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Is the 80/20 Diet Right For You?

Is sticking to a strict diet driving you bananas? Are you trying for that eat-healthy-all-the-time-and-kiss-your-favorites goodbye thing and it’s just not working?

Why not try something that allows you to eat the best foods possible, but that also leaves room for the stuff you just can’t seem to give up?

Introducing: The 80/20 rule. No, I didn’t invent it, but I just remembered it and then read up on it and thought I’d share in case it’s something that sounds appealing to you.

Basically, 80% of the time you eat the way you’re supposed to (the healthy way you strive for), and 20% of the time you can have a little of this or a little of that (you know, treats and extra cheese).

Here’s how it breaks down: If you’re a three-squares-a-day kind of person, then four of your meals each week will make up that 20% of fun foods, when you can eat something that you’re really craving. If you normally eat six small meals each day, you’ll “cheat” about eight times a week with things that might not be 100% on your plan.

Sounds good, right? Mostly health food with some chocolate mixed in? Here’s how to make the most of it:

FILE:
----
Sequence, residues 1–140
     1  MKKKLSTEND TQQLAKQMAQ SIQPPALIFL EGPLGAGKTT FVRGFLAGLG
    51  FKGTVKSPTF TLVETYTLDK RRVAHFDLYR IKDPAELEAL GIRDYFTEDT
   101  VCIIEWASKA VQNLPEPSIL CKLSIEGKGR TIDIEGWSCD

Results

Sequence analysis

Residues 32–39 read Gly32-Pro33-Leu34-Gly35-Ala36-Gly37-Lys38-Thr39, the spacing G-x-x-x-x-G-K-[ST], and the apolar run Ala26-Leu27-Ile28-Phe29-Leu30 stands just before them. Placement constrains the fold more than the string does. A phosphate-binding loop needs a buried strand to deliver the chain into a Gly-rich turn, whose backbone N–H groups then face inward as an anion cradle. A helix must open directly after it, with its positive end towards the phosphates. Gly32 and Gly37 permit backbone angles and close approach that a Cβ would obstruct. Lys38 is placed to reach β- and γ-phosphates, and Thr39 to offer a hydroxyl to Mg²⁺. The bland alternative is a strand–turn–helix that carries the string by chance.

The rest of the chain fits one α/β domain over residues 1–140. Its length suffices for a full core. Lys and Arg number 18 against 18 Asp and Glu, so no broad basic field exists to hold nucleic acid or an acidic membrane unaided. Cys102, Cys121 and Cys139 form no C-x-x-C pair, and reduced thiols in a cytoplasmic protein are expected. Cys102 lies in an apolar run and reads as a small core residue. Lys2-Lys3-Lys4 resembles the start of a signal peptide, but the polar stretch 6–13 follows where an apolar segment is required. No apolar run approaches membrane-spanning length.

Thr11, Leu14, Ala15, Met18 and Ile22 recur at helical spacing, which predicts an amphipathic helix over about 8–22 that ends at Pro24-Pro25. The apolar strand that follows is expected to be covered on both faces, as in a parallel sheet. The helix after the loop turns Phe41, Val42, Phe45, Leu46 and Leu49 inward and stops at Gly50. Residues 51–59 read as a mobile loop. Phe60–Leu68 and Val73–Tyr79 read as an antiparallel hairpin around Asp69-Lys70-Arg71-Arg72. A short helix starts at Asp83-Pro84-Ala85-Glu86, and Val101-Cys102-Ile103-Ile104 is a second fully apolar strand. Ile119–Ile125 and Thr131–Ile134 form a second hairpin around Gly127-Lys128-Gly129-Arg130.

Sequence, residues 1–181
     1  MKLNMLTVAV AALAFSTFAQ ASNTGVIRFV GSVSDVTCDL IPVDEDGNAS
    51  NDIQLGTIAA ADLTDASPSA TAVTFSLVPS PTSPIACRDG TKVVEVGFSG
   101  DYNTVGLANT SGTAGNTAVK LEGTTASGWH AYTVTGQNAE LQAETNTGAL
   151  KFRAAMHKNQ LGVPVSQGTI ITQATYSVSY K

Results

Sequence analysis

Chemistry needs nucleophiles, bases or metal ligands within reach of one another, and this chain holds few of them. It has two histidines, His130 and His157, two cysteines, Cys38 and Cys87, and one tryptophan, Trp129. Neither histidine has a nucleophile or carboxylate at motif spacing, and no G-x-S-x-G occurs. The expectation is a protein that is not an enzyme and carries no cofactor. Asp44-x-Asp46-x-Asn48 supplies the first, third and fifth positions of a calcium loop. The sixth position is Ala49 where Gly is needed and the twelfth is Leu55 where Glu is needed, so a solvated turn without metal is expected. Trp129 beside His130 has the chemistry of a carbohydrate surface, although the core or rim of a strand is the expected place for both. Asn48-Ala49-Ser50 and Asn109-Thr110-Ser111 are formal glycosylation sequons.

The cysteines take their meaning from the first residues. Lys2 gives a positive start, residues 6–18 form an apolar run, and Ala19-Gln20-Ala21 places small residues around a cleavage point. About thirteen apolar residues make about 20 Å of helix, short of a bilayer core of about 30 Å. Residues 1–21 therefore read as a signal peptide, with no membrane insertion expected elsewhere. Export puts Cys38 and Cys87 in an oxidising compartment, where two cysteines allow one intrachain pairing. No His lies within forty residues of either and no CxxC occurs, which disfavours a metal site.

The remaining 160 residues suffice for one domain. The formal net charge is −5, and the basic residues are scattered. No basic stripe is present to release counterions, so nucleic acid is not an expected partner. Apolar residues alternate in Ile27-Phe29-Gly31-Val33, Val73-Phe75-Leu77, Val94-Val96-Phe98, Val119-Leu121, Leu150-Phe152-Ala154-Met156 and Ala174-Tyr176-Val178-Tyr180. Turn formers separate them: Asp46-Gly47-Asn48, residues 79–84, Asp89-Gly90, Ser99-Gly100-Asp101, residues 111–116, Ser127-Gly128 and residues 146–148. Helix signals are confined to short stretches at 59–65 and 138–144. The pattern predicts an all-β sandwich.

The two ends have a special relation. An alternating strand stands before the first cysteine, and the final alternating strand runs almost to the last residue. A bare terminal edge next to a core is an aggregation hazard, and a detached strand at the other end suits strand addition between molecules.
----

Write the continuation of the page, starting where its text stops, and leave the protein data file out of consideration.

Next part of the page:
1. Make sure your healthcare team is in on it. Obviously you’ll want to stay on track with what your doctor and/or dietitian recommends, but knowing that you have some wiggle room will really help you eat well and make the healthiest choices most of the time.
  2. Make sure 20% is really just 20%. You know how I said if you eat three squares a day you get four meals that are a little bit off plan? That does not, I repeat, not mean that you should eat a six-course meal at a restaurant, complete with pre-dinner rolls, a glass of wine, and dessert, four times in one week. If you do that, your 20% is going to end up being more like 40% (or more!) of your total weekly calories.
  3. Try consciously counting at first. Even though keeping track of how many times you’ve eaten something indulgent each week might seem a little annoying, it’s way, way simpler than counting every single calorie. If you know you’ve got eight little indulgences set up throughout the week, make a little chart on your fridge or a note in your phone so you can check off each time you have a cookie.
  4. Plan and enjoy. Try not to use your 20% on the fly when you’re not going to enjoy it. In other words, instead of running late and ordering lunch from a drive through, then eating it while you speed to your next meeting (meanwhile not tasting anything), plan your indulgence for when you can really sit down and enjoy it.
  5. Practice, practice. All dietary changes take some adjustment. The great thing about eating this way is that you still get to eat foods you really enjoy, but there’s no guilt or need to beat yourself up about indulgences. Also, you always have a treat to look forward to, as this isn’t about restriction, it’s about balance.

This article represents the opinions, thoughts, and experiences of the author; none of this content has been paid for by any advertiser. The team does not recommend or endorse any products or treatments discussed herein. Learn more about how we maintain editorial integrity here.